1968 European Cup Final. Busby’s mission accomplished.

Contender Ready!

Consistency has never been my strong point. As a matter of fact I couldn’t tell you what my strong points are. Routine has to be the order of the day. But I routinely fall out of routine. Once out, I claw myself back into a routine until I fall back out of it again. My brain generally dictates what I should do. Not the part of the brain that knows stuff though. For me it’s the part that feels fuzzy that tells me what to do. By fuzzy I mean a dizziness in my brain and black spots that are permanently in my vision becoming more prominent. When I feel fuzzy I really try to eat well and exercise regularly until the fuzziness subsides. Then once I feel refreshed and back on track I get complacent and put off exercising and indulge in whatever food I like or even have a few gargles – it’s grand I’ll make up for it tomorrow (but I never do).

It might seem tame to some people to hear someone complaining about over indulging or having a few lazy days or weeks. But this is me being complacent. I should know enough about MS and my own body and mind to know not to take my own good health and mindset for granted. I rarely go on nights out with friends but when I do they end up being excessive. I remember very  little and my body takes days to recuperate. A problem that comes with age, I know. Generally I can go for weeks or months even without having a drink and it doesn’t bother me. That’s the problem, it’s all or nothing, there’s no moderation. I need to reassess my relationship with food and drink – something I’ve needed to do for a long time but with the affects of MS ever-looming I need to be more disciplined.

I loosely follow the OMS diet. I’ve cut out red meat and anything with coconut in it. I try to eat as natural food as possible. Popeye was definitely onto something with his spinach fetish. I’m aware that saturated fats aren’t good for me but I’ve yet to educate myself enough to know what are good fats and what are bad. I have a general idea that seems to be working for me so far (just about).

Because of my previous experience of MS and now that I’m a dad I get annoyed with myself for being inconsistent in how I combat MS. Fatigue is arguably my biggest obstacle but sometimes I don’t know if I’m just not trying hard enough. When first diagnosed I was led to believe that MS was hereditary but thankfully that has become less and less accepted although it’s something I will always have to be mindful of. What I’ve learnt since diagnosis is how to look after myself better and appreciate all aspects of life. Although that’s not always the case for days after a hefty number of pints and shots all for the craic that I don’t even remember having.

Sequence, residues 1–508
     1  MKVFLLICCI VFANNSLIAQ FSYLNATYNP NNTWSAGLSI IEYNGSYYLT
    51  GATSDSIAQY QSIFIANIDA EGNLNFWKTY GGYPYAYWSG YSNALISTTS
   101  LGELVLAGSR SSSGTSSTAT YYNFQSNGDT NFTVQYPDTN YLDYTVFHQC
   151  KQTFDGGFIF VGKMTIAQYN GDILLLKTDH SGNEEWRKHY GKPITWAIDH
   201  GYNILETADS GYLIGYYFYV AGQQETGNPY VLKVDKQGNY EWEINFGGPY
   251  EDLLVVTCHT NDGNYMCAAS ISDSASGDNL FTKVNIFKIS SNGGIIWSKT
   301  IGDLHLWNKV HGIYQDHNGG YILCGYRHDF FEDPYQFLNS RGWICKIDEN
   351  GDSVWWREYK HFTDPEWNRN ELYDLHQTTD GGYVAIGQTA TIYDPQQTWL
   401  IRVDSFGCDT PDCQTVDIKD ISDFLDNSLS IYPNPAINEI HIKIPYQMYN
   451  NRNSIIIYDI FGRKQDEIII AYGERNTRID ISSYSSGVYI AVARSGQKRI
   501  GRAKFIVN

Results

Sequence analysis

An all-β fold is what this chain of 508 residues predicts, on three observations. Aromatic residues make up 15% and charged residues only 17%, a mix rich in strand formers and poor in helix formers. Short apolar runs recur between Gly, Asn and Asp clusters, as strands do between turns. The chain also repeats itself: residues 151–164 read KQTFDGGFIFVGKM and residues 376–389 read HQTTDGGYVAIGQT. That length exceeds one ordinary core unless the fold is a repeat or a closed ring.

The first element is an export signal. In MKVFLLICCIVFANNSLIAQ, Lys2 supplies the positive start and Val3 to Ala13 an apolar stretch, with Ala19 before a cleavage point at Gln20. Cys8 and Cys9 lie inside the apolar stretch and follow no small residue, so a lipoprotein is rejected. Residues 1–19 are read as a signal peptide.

The routine needs to be more consistent. Admittedly I’ve fallen off the red meat wagon of late. White bread ham sambos like my mam used to make me have been ordered a couple of times from the canteen in work. Butter on both slices of bread, just ham in the middle, delish ūüėõ “Do you want any extra fillings?” “Nope”. Totally against the diet I’ve been trying to stick to and that’s been contributing to me staying relapse free. For the last while, the only Ham Sandwich I was interested in were the band from Kells – who funnily enough I saw for the first time in the Roisin Dubh in Galway when my symptoms were becoming particularly prominent but at that stage I had no idea what was in store. I had to hold onto a pillar to keep my balance steady for the whole show but they certainly made a lasting impression.

Me and my fuzzy head meeting Niamh from Ham Sandwich back in Nov 2014
I’m disciplined at taking my medication and vitamin D at least. Every Monday, Wednesday and Friday I have to inject Copaxone. I listen to the Ian Dempsey breakfast show while getting ready for work each morning. If I haven’t injected by the time Paula MacSweeney comes on to give the showbiz news at around 7.50a.m that means I’m running late. It’s little associations such as this that act as a constant reminder and keep me consistent with my medication.